“We hire new people now every single day, literally,” Goldfeder said. “We’re also constantly building our back-end technology to enable our products to work smoother and faster with that same focus on regulatory compliance and consumer protection.”
But even with how fast Cross River is moving — and the rest of the industry trailing just behind — Goldfeder said the company’s Garden State presence will be a constant.
“We’ve weaved ourselves in every aspect of this community: Whether it’s engaging with the local chamber of commerce, the New Jersey Tech Council or a local family in Fort Lee whose house burned down six months ago that we came together to collect supplies for,” he said. “We were born and raised here, and we’re committed to ensuring continued growth right here.”
Recovering politician, aspiring banker; that’s what Phil Goldfeder, leader of the public affairs division at Cross River Bank, half-jokingly refers to himself as.
You might not have heard of Cross River’s Goldfeder in the Garden State, but the name would ring a few bells across the Hudson River.
He was an assemblyman in New York for six years, a stint that followed Goldfeder working in several other prominent roles. In 2005, he assisted New York City Mayor Michael Bloomberg’s re-election campaign before serving as Bloomberg’s Queens liaison. Afterward, he spent three years doing governmental affairs work for Sen. Chuck Schumer.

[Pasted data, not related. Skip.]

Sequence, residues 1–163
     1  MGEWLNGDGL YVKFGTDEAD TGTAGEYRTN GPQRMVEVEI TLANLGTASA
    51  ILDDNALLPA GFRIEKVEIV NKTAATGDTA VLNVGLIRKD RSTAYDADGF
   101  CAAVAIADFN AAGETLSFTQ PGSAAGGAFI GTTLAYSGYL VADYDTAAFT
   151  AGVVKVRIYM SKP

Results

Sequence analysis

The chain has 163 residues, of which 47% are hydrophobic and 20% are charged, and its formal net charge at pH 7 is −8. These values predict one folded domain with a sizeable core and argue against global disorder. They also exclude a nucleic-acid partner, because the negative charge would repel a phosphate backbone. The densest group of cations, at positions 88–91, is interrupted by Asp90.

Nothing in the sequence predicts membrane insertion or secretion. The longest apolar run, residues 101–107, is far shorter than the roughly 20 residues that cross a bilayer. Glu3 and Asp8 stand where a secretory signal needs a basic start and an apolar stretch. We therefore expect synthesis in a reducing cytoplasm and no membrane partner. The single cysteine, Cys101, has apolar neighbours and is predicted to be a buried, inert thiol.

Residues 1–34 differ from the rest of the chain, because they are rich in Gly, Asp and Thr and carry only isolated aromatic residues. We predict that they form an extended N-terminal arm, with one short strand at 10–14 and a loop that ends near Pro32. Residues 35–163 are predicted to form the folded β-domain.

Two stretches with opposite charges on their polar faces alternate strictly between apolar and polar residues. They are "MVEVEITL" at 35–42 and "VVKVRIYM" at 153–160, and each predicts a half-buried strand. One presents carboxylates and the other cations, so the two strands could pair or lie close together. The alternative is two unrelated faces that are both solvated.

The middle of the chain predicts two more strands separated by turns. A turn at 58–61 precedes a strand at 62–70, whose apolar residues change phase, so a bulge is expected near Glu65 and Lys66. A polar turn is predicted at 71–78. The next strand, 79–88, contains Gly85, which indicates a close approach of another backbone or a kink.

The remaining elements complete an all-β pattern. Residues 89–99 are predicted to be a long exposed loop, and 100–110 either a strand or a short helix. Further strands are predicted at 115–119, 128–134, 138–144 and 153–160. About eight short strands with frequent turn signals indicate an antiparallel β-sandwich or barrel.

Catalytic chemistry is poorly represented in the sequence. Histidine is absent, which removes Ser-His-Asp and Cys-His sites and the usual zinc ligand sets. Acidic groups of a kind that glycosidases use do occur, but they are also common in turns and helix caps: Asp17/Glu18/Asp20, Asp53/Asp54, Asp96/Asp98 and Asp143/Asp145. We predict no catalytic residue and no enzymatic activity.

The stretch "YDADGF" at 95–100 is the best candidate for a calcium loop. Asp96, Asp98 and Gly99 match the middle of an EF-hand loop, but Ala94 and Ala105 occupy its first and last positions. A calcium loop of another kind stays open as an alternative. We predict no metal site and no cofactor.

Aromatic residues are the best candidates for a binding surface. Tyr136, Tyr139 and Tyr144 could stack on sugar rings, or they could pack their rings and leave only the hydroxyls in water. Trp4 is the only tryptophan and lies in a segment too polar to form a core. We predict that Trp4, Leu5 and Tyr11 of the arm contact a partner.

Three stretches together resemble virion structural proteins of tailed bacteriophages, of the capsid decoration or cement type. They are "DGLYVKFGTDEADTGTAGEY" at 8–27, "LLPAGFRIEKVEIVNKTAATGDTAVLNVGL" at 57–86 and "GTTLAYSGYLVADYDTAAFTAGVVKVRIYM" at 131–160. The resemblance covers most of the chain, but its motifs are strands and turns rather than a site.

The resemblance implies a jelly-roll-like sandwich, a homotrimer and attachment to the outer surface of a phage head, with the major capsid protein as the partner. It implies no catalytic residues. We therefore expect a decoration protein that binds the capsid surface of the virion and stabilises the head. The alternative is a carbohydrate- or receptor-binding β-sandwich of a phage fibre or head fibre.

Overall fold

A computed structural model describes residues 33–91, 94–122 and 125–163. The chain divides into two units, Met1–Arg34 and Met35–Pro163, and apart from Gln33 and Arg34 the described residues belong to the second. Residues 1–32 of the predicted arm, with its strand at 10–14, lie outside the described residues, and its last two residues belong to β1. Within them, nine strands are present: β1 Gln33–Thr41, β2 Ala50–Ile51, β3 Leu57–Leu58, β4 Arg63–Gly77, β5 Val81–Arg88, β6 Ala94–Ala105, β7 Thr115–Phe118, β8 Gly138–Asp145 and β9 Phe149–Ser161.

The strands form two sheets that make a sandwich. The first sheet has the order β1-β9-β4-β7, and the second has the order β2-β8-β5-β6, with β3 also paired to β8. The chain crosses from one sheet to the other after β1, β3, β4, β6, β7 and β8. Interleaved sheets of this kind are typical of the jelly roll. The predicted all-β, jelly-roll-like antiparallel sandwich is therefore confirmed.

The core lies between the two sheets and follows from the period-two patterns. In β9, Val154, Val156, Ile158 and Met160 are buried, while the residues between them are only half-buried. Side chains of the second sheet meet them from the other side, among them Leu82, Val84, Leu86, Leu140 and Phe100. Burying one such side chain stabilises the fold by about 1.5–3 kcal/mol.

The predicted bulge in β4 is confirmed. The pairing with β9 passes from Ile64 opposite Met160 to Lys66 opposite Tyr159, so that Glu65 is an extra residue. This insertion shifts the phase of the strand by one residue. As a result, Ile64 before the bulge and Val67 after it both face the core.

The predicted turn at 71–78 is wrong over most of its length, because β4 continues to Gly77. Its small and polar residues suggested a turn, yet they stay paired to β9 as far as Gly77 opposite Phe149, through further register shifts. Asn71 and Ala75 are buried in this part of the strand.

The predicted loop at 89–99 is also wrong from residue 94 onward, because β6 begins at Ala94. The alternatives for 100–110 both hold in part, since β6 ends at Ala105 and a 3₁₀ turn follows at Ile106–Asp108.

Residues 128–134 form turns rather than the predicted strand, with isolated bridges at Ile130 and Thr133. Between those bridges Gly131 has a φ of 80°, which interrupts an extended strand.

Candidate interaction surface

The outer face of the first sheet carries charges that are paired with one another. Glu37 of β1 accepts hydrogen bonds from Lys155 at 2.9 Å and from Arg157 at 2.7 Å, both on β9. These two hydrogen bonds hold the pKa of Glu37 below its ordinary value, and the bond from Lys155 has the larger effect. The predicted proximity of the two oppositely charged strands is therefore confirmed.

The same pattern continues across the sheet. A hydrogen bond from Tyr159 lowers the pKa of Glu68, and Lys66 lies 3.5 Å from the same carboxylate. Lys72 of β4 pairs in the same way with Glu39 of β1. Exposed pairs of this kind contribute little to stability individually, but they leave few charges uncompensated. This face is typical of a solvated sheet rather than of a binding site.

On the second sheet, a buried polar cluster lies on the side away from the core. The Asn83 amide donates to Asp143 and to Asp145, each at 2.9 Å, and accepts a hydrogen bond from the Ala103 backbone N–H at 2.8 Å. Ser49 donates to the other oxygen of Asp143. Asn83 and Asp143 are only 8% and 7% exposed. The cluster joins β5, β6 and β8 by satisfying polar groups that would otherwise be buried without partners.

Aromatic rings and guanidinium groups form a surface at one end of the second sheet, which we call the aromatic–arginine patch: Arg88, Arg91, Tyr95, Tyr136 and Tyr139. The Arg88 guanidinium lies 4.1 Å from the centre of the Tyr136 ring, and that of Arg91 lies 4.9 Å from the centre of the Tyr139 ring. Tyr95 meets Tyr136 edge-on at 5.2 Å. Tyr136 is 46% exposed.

He gave up public office and decided not to seek re-election in New York’s 23rd District in 2016.
“I left to take on a new challenge and chart a new path in financial service technology and innovation — from a policy perspective and regulatory perspective, but also from the perspective of providing consumers access to services they otherwise wouldn’t have,” he said.
He’s just as new to the industry as he is to New Jersey.
“But Fort Lee has welcomed me like a son,” he said. “I’m excited to be here.”
Reach Cross River Bank at: crossriver.com or 201-808-7000.